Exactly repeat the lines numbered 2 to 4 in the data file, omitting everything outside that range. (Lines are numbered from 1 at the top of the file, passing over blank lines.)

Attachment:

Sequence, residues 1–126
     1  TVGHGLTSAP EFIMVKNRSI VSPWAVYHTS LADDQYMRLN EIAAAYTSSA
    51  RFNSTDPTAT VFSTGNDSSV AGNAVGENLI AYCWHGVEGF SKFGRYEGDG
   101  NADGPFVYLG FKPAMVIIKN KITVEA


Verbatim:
     1  TVGHGLTSAP EFIMVKNRSI VSPWAVYHTS LADDQYMRLN EIAAAYTSSA
    51  RFNSTDPTAT VFSTGNDSSV AGNAVGENLI AYCWHGVEGF SKFGRYEGDG
   101  NADGPFVYLG FKPAMVIIKN KITVEA